“Planning and Design Approaches of Microgrids for Power Supply Resiliency to Natural Disasters”
Dr. Alexis Kwasinski
University of Texas-Austin
When: Monday, February 3, 2014 at 3:05 p.m.
Where: Warnock 1230
This presentation analyzes system-level planning and component-level design approaches to achieve high power supply availability during and after natural disasters. It starts by explaining the motivation of this analysis with a description of photographic evidence and information collected during field damage assessments after recent notable natural disasters. This evidence seems to indicate that conventional power grids are very fragile systems due to their primarily centralized power distribution and control architectures and explains why conventional mitigation strategies and many smart grid technologies yield limited resiliency improvement. The second part of this presentation introduces microgrids as an alternative technology that does not have these limitations. A system-level analysis indicates that resilient microgrids need to include diverse power sources and/or local energy storage. Then, the presentation moves on to explore suitable power electronic interfaces to integrate diverse power sources, and advanced power distribution architectures to improve resiliency to natural disasters. The effects that these power distribution architectures have on stability and control are also discussed. The presentation concludes with a description of uses of resilient microgrids in key applications, such as wireless communication networks, and an exploration of future research paths.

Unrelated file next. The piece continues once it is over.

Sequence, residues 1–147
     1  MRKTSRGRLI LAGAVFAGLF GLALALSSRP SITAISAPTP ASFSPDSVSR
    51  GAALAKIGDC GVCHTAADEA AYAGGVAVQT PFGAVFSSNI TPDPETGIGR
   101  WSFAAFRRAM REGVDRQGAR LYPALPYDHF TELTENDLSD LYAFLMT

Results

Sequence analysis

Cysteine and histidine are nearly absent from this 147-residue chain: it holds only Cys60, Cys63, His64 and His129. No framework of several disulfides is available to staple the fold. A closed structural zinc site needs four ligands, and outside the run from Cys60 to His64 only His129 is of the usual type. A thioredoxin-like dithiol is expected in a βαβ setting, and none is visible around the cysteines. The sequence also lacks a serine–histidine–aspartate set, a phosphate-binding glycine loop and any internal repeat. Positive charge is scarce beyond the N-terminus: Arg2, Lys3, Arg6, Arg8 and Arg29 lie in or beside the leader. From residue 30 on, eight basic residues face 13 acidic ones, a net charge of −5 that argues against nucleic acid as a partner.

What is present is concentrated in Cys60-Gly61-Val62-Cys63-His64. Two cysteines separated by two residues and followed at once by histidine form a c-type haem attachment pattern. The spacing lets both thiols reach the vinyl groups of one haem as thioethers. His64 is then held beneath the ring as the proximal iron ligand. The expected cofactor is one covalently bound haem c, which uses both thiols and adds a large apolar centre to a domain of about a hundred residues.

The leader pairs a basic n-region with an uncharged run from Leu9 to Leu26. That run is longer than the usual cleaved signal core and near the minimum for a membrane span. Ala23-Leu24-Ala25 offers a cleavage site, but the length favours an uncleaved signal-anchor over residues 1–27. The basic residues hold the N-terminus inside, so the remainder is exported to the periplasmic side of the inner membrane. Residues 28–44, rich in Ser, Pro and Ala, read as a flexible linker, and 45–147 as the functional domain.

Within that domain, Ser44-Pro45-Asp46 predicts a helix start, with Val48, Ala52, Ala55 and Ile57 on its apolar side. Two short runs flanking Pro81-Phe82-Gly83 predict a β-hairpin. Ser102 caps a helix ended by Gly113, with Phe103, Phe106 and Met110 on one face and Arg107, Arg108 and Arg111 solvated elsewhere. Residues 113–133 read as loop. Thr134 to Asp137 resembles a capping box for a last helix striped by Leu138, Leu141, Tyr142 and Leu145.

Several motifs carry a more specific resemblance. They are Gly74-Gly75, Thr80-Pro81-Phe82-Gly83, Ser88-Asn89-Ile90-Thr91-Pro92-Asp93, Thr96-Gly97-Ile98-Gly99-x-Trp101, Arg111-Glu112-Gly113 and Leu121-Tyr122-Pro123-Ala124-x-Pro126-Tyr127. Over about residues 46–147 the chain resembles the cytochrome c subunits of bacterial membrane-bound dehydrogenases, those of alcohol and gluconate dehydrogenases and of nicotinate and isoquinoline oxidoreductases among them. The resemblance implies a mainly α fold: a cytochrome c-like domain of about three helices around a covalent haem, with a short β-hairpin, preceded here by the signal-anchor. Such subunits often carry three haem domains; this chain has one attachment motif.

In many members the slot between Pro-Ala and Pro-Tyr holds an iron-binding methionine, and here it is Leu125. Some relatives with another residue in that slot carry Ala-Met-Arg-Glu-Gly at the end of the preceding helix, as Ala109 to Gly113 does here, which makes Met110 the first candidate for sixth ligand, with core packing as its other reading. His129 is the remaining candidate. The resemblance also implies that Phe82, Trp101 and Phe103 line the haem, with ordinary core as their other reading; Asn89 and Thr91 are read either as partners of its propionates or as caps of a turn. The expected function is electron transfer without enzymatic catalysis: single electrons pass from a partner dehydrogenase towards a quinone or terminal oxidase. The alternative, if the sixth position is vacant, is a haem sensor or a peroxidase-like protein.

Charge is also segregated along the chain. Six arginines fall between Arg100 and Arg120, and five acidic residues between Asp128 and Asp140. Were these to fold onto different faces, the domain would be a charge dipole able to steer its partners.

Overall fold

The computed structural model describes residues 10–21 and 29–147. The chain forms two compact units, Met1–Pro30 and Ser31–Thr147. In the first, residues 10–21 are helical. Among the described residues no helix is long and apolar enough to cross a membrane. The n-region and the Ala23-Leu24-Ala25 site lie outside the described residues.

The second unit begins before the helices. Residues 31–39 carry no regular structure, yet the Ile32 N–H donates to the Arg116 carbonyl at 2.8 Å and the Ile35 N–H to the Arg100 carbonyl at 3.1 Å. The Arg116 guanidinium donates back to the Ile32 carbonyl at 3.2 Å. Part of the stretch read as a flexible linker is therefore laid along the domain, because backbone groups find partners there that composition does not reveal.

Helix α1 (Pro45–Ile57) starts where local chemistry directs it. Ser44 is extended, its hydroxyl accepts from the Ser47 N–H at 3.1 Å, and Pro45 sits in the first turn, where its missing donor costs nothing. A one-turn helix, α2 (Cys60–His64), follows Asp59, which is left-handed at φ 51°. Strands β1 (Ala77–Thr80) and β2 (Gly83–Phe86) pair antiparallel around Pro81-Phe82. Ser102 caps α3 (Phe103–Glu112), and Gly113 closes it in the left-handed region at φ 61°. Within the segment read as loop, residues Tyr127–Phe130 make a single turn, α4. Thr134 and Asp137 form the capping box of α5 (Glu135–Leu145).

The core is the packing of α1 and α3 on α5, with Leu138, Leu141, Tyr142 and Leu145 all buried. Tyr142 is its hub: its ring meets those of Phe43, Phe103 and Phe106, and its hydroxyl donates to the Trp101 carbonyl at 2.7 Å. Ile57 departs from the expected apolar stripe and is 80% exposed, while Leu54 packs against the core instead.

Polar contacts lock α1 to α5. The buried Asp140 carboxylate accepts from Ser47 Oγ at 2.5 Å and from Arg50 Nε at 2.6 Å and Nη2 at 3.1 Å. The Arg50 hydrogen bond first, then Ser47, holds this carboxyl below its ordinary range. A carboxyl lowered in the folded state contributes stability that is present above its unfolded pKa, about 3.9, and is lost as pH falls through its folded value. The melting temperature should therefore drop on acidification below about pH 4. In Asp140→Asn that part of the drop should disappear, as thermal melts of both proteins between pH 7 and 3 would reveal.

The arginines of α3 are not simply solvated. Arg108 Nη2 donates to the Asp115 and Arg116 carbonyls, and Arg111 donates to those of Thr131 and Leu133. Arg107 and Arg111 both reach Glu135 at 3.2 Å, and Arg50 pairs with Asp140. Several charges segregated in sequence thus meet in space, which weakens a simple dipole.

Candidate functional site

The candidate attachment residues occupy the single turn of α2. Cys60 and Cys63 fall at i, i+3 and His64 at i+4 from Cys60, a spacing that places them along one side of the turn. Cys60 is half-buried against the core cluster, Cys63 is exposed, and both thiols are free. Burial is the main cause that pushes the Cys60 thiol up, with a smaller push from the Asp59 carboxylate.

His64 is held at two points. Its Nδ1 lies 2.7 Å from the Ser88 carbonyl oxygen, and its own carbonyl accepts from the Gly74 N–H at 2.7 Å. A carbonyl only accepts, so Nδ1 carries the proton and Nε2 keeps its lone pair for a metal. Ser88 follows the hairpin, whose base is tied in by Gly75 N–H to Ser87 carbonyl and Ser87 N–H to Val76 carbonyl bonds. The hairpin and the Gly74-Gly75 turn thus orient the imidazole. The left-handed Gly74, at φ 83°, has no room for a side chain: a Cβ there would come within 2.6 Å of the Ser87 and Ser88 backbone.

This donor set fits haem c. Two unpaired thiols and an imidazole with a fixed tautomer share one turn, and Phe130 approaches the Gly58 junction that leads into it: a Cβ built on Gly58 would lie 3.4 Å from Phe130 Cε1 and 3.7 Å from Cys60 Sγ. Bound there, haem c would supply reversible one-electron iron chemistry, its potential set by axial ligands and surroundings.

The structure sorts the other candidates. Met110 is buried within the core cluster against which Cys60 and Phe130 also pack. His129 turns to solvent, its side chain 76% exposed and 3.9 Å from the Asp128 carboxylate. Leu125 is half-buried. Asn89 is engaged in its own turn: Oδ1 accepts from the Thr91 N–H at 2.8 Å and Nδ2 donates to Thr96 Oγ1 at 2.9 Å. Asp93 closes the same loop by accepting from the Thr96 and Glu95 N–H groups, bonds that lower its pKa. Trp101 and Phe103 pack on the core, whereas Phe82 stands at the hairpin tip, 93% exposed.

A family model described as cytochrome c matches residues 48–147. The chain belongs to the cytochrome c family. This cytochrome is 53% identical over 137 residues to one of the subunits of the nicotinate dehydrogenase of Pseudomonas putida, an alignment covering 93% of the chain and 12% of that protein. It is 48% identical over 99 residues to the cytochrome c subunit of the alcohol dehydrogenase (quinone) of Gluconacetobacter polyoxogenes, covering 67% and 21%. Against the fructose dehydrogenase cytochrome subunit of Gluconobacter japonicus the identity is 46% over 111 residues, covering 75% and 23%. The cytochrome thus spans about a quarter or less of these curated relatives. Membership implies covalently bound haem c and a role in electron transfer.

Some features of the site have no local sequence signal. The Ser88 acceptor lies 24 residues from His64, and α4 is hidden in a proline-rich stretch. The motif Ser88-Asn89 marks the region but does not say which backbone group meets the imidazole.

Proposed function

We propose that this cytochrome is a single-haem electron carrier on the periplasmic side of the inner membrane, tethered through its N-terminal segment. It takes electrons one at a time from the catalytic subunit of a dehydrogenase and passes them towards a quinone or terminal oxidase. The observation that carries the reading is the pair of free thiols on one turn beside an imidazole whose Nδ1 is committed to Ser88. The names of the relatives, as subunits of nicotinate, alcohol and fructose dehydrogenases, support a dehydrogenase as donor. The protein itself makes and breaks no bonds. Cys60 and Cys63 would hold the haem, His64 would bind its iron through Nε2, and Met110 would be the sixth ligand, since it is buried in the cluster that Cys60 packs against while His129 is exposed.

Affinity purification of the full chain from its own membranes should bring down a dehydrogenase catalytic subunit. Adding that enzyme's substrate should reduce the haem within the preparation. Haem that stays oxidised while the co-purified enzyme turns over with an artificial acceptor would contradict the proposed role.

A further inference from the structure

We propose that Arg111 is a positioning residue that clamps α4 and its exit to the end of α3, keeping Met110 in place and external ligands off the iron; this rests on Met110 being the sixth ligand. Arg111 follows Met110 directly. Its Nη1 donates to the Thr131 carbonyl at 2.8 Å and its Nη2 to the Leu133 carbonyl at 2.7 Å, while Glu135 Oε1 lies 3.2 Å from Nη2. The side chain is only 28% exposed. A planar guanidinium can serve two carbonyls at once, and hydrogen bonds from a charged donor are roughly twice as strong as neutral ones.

Alexis Kwasinski earned his M.S. and Ph.D. degrees in electrical engineering from the University of Illinois at Urbana-Champaign (UIUC) in 2005 and 2007, respectively. Previously, he spent almost 10 years working for Telefónica of Argentina and for Lucent Technologies Power Systems. He is currently an Associate Professor in the Department of Electrical and Computer Engineering at The University of Texas at Austin and his research interests include power electronic systems, distributed generation (microgrids), renewable and alternative energy, smart grids, and analysis of the impact of natural disasters on critical power infrastructure. He participated in damage assessments after natural disasters, including hurricane Katrina and the March 2011 earthquake and tsunami in Japan. In 2005, Dr. Kwasinski was awarded the Joseph J. Suozzi INTELEC Fellowship and in 2007 he received the best technical paper award at INTELEC. In 2009 he received an NSF CAREER award and in 2011 he received an IBM Faculty Innovation Award. Dr. Kwasinski is also an Associate Editor for the IEEE Transactions on Energy Conversion and IEEE Transactions on Power Electronics.